In Latin, the term hortus indicated a plot of land immediately contiguous to the house, where fruit and vegetables were grown. Excavations conducted at the Roman colonies of Cosa and Fregellae in central Italy have shown that, since the 3rd century B.C., each habitation had some open land behind it, divided into little fields.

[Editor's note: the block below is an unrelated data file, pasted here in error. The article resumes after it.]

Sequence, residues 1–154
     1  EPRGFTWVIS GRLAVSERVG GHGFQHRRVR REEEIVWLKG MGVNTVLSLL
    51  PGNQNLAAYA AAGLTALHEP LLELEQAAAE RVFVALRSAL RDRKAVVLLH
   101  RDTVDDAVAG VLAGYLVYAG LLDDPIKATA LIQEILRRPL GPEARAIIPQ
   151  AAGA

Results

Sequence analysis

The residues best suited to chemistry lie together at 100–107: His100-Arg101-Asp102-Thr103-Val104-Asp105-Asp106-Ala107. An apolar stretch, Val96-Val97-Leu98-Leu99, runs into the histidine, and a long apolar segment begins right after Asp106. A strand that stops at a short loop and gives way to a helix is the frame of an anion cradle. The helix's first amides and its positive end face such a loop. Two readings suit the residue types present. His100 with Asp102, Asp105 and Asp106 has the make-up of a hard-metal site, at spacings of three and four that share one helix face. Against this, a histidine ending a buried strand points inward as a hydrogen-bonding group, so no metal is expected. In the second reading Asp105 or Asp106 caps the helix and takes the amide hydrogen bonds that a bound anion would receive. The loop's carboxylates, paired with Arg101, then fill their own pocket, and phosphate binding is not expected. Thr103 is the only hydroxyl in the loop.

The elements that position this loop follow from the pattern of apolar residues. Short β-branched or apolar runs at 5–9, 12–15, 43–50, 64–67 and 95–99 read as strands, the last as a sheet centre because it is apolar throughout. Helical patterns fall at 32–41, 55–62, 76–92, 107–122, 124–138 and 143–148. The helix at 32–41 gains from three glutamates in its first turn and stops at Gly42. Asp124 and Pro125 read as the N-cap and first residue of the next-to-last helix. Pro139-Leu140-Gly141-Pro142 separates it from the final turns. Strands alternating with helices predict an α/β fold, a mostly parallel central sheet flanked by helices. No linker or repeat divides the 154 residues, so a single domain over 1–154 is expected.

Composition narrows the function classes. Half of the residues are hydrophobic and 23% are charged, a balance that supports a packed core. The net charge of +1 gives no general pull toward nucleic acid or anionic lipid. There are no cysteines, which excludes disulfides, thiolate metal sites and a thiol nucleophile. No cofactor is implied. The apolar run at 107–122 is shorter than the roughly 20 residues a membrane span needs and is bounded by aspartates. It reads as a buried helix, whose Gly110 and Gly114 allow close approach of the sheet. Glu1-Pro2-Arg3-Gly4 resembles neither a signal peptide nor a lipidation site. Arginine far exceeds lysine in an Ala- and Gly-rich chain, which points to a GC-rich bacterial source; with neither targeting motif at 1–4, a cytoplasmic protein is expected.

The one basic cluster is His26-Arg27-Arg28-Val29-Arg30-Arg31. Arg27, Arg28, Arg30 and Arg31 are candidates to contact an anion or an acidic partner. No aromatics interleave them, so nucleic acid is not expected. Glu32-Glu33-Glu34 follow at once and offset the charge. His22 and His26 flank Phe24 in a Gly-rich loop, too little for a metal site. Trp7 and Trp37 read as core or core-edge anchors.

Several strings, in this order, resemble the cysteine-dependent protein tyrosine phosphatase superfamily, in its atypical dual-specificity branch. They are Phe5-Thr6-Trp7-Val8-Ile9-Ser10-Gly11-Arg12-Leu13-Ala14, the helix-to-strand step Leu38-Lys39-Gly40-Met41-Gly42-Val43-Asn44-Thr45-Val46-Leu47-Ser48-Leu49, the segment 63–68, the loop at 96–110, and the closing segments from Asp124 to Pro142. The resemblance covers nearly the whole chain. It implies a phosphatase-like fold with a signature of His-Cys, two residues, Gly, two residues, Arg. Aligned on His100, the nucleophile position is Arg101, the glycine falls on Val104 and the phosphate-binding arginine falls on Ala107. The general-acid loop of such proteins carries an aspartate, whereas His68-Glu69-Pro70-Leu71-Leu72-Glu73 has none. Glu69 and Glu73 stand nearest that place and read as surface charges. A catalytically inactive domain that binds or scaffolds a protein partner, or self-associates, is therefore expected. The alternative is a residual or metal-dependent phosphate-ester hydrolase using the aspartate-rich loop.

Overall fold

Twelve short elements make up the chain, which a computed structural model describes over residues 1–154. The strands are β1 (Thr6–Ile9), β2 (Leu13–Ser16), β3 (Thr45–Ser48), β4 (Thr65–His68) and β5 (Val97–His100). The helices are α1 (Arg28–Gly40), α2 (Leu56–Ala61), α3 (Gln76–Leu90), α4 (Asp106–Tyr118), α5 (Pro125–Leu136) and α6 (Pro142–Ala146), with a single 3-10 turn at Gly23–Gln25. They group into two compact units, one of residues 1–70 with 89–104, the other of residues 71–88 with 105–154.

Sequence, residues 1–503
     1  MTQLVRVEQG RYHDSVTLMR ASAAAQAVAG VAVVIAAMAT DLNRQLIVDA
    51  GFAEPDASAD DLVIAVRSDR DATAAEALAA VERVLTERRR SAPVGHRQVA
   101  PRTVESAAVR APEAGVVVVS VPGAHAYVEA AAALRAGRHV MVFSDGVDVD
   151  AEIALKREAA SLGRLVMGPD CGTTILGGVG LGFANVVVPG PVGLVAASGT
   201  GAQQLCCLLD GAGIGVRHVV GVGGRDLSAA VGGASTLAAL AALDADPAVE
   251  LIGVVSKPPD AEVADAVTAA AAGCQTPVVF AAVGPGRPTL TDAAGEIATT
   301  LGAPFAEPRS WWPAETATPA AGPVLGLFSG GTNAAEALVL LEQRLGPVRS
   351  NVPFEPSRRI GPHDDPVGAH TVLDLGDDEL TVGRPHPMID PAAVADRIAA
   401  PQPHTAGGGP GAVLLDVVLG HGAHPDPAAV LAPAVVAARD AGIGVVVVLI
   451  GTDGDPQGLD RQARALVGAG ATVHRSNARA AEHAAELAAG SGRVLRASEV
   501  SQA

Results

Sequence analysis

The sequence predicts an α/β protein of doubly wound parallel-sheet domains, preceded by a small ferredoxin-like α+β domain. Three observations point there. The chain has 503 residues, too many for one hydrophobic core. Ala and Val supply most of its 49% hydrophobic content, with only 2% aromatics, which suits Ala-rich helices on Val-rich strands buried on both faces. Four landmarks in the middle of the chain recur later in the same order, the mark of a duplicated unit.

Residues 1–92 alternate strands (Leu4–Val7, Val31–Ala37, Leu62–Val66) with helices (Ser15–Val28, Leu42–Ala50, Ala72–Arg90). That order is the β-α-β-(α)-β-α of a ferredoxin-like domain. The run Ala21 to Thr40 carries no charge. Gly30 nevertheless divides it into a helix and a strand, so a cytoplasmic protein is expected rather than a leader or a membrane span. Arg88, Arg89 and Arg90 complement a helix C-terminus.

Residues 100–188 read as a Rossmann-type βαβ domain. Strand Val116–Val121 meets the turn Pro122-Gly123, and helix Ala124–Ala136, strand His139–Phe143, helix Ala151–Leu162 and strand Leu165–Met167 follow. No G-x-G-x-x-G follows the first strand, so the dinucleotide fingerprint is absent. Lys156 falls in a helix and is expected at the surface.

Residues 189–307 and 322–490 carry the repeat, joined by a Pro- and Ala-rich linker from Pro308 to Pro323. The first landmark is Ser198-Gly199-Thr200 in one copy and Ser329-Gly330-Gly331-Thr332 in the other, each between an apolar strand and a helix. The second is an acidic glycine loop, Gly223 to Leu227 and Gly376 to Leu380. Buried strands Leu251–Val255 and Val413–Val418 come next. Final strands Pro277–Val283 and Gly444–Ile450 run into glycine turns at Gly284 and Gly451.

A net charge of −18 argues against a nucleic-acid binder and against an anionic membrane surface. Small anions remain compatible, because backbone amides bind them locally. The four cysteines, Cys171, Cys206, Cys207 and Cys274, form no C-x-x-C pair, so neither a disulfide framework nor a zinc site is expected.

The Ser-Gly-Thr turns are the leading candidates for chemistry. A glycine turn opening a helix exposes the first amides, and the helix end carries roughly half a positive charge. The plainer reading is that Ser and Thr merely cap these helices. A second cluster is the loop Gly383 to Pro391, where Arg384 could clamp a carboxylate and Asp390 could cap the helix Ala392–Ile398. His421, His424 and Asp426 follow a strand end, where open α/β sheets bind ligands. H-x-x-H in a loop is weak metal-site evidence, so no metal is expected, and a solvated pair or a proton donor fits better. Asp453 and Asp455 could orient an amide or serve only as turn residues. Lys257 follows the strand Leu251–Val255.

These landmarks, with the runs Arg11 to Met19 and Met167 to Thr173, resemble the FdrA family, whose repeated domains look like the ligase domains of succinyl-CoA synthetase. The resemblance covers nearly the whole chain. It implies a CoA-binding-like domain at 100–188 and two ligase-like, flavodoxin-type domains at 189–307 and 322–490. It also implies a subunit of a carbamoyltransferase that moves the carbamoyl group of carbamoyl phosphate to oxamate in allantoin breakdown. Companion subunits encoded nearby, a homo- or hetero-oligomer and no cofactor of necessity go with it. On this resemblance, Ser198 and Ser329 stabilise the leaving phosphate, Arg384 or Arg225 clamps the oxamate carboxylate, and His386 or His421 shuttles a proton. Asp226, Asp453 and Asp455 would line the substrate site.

In the Roman houses of the following centuries, the collocation of the green space behind the domus remained unchanged, but it was used for a different purpose. Starting from the 1st century B.C., in fact, the hortus became a place of pleasure and recreation, enclosed within monumental courtyards encircled by columns, the peristyles. In these spaces, consecrated to aesthetic enjoyment, decorative elements from Greek sacred gardens and gymnasiums were inserted in a verdant framework expertly designed by masters of the ars topiaria (the garden art), to create a man-made idyllic landscape, peopled by statues of satyrs, nymphs and other mythological forest-dwellers.